Some 94,000 Italians moved abroad in 2013, almost double the number that left in 2007. Even more are expected to have emigrated last year. Moreover, the statistics reflect only those who have officially communicated their new addresses to the authorities. The unofficial count is estimated to be two to three times higher, according to Italian media reports. Low salaries (workers under 30 on average receive about 850 euros a month) and unemployment play an obvious role. As in other South European countries and in France, youth unemployment rates in Italy — despite some tentative signs of improvement — remain sky-high, about 42 percent, according to the latest figures, compared with 20 percent in 2007.
Most Italians began to feel the effects of the recession a bit later than other Southern Europeans, but the rise in Itay’s emigration rate seems to have been the sharpest in the last couple of years. From 2012 to 2013, Italians applying for a National Insurance Number — necessary for permission to work in the United Kingdom — rose by 52 percent, compared with a 40 percent rise in applications by Spaniards. In the same period, according to Reuters, the number of Italians moving to Germany rose by 39 percent, compared with a 30 percent rise of Spaniards.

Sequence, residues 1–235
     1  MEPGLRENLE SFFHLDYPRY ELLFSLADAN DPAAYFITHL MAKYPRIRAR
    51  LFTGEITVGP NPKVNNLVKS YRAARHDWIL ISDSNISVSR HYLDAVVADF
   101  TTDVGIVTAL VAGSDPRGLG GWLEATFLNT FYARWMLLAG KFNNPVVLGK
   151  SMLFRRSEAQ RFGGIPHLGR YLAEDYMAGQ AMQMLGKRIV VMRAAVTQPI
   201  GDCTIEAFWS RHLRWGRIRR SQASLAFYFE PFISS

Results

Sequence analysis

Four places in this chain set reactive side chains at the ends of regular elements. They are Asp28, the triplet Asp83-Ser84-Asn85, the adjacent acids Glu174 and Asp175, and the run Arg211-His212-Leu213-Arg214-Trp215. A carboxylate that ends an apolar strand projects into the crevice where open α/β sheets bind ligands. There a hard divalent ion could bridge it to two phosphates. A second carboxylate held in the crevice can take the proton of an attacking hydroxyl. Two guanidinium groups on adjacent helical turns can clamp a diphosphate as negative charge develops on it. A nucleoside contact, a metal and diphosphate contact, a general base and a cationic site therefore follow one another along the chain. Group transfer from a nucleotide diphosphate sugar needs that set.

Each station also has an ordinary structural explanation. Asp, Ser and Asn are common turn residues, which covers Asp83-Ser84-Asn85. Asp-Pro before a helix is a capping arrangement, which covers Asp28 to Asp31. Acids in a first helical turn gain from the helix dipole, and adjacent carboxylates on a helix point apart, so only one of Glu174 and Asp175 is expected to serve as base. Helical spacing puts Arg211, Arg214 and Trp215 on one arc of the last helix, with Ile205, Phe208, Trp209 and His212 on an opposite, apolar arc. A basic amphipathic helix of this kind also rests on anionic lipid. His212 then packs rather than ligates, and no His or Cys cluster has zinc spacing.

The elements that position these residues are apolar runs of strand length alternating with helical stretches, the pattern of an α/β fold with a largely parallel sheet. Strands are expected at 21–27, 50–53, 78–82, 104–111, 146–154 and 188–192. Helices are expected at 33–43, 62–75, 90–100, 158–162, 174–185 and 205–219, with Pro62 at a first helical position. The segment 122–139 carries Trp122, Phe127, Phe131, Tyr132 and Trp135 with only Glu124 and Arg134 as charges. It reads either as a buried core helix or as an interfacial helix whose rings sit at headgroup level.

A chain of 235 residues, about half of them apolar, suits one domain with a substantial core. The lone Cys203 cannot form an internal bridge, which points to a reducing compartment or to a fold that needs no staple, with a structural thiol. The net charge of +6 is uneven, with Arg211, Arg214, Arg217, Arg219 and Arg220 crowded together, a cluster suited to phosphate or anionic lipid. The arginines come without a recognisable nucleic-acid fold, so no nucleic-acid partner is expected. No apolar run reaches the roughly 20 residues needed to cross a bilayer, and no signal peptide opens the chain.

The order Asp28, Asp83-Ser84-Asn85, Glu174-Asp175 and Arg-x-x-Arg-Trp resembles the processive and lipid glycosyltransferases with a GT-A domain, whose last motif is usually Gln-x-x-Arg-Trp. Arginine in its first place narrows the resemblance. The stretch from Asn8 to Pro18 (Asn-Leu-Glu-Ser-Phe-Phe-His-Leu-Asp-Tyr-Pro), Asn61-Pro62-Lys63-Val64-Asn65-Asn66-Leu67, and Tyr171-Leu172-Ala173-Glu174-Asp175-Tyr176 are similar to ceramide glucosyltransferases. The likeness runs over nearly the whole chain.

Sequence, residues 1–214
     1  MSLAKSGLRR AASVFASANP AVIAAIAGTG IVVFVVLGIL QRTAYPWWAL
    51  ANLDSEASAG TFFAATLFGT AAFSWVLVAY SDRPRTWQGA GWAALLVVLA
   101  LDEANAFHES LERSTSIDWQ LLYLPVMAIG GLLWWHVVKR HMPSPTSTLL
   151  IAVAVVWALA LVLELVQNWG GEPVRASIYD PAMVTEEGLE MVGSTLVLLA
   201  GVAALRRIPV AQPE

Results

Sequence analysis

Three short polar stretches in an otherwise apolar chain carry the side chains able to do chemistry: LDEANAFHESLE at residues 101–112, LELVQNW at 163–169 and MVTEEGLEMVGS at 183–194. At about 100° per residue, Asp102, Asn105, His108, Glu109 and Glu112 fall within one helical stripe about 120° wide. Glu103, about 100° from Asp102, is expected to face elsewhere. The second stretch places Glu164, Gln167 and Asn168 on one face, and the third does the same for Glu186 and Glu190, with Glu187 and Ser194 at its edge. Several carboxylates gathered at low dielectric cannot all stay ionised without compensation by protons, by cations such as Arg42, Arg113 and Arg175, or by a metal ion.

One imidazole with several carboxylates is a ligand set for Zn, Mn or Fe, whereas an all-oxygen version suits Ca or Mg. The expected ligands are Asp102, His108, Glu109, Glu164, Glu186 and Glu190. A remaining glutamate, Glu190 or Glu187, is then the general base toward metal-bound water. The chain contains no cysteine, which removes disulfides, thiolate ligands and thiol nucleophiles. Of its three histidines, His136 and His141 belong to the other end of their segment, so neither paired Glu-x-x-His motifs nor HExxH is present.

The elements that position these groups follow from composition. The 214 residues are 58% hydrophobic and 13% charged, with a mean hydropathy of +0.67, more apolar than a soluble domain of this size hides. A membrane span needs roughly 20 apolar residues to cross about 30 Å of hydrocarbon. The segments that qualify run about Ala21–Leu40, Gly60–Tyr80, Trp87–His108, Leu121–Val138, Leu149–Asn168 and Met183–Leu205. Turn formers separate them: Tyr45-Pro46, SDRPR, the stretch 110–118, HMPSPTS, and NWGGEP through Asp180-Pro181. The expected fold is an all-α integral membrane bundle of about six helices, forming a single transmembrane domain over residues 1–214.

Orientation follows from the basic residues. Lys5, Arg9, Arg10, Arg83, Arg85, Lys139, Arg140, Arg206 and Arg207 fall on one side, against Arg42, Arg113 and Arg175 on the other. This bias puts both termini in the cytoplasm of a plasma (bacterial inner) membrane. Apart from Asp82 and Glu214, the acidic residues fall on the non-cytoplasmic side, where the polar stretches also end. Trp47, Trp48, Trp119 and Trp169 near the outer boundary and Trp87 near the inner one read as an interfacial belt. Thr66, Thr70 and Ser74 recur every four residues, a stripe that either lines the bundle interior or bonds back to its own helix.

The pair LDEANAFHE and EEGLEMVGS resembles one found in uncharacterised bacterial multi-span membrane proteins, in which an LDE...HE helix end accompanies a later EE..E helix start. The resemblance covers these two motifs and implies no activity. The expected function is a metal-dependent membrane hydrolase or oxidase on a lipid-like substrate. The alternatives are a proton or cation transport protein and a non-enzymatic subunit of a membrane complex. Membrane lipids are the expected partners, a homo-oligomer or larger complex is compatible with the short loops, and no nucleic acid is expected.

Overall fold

Newly expatriate Italians, most of them young but some well over 40, are heading to other points in Europe or the Americas, Asia and even Africa, founding start-up companies in the United States or working as chefs in China. Their departure is met with indifference or resignation in Italy. The issue is hardly ever addressed by politicians. When Mario Monti hinted at it in his inaugural speech after being appointed prime minister in 2011, he actually encouraged emigration, praising the “mobility” of young Italians in the “European and global job market.”